Other Rhône whites — Grenache Blanc, Muscat, Clairette, Picpoul, Bourboul-enc, and Picardin are all white grapes that are also in the Rhône varietal gene pool. Nearly all of these grapes never make a 100% varietal wine, yet become building blocks for various blends of the southern Rhône wines, like Châteauneuf-du-pape. Outside of France, they are virtually non-existent, except for Spain. In the New World, Grenache Blanc is generating interest, especially in the Central Coast region of California, where crisp, clean, lighter styles are capturing consumers looking for fruitier alternatives to Chardonnay, yet don’t want as much vegetative input as found in Sauvignon Blancs. Most central coast winemakers recommend a low oak regime, no malolactic and limited aging to preserve its freshness. They are not shy to consume it all within 5 years.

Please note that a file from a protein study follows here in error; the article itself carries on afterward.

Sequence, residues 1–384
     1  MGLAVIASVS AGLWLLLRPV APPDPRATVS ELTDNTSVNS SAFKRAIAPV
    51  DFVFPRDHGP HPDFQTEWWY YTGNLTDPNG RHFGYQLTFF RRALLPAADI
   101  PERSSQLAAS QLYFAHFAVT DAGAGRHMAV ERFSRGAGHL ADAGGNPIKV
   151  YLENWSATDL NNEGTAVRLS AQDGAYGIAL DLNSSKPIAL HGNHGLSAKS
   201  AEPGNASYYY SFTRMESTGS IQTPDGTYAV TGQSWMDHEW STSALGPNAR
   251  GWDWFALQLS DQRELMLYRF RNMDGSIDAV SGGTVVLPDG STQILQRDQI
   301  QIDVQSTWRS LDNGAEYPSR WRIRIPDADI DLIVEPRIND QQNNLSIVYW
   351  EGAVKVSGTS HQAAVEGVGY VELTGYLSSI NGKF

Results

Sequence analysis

Syrah — Known locally in the northern Rhône as Serine, it is the noblest grape of the Rhône region. Wines made from this grape command respect with its squid-ink-like color, reductive aromatics and rich, powerful mouthfeel. This grape is truly all that there is in the northern Rhône, and the sub-region it grows in defines the winemaking style and vinification techniques. In Côte- Rôtie it is typically co-fermented with Viognier — the percentage actually determined by how much is co-planted in the vineyard. For example, E. Guigal’s La Mouline is co-planted to 11% Viognier, yet the actual weight by volume of Viognier to Syrah is not known since everything is picked together, never separated. This might be a bizarre sight for most winemakers, but a visit to certain Chianti producers in Tuscany reveals it to be a common practice. The reason behind the co-fermentation is elusive, however. It could be a trick to get more sugar, increase production without compromising quality, or get some nutritional or aromatic contribution to an otherwise typically reductive must. Whatever the reasoning, it is not always practiced, but when employed the wines definitely show differently than their counterparts. Co-fermentations are not confined to Côte-Rôtie. Sometimes Marsanne is used in Saint Joseph. Nearly all of these wines never get much beyond 24 °Brix.